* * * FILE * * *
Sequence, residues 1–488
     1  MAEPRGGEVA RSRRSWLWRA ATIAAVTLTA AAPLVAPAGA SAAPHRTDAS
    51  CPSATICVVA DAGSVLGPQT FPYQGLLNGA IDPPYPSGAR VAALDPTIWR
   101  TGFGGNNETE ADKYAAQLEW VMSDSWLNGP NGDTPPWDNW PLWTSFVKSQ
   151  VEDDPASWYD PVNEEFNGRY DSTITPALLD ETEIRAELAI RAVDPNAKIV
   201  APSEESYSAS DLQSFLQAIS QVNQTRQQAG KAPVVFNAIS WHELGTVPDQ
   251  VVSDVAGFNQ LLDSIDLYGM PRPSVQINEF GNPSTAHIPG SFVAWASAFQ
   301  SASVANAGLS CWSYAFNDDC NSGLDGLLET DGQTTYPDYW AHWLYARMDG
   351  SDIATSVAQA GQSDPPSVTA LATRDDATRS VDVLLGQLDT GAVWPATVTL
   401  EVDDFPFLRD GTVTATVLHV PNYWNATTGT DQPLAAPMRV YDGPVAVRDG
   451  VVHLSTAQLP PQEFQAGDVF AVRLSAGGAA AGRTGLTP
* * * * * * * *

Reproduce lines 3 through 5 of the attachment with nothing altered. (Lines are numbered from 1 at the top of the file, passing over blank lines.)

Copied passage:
    51  CPSATICVVA DAGSVLGPQT FPYQGLLNGA IDPPYPSGAR VAALDPTIWR
   101  TGFGGNNETE ADKYAAQLEW VMSDSWLNGP NGDTPPWDNW PLWTSFVKSQ
   151  VEDDPASWYD PVNEEFNGRY DSTITPALLD ETEIRAELAI RAVDPNAKIV